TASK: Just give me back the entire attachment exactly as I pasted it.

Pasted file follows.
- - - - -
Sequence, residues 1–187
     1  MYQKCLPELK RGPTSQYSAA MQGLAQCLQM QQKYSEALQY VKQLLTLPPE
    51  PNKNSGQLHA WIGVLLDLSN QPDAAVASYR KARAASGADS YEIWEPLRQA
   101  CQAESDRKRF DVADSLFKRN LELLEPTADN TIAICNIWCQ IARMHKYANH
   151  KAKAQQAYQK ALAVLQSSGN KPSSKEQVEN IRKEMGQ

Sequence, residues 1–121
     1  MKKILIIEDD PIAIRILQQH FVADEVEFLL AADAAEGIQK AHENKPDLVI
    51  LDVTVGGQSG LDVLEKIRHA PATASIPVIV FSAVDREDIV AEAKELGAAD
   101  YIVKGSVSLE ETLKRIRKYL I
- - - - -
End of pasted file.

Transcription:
Sequence, residues 1–187
     1  MYQKCLPELK RGPTSQYSAA MQGLAQCLQM QQKYSEALQY VKQLLTLPPE
    51  PNKNSGQLHA WIGVLLDLSN QPDAAVASYR KARAASGADS YEIWEPLRQA
   101  CQAESDRKRF DVADSLFKRN LELLEPTADN TIAICNIWCQ IARMHKYANH
   151  KAKAQQAYQK ALAVLQSSGN KPSSKEQVEN IRKEMGQ

Sequence, residues 1–121
     1  MKKILIIEDD PIAIRILQQH FVADEVEFLL AADAAEGIQK AHENKPDLVI
    51  LDVTVGGQSG LDVLEKIRHA PATASIPVIV FSAVDREDIV AEAKELGAAD
   101  YIVKGSVSLE ETLKRIRKYL I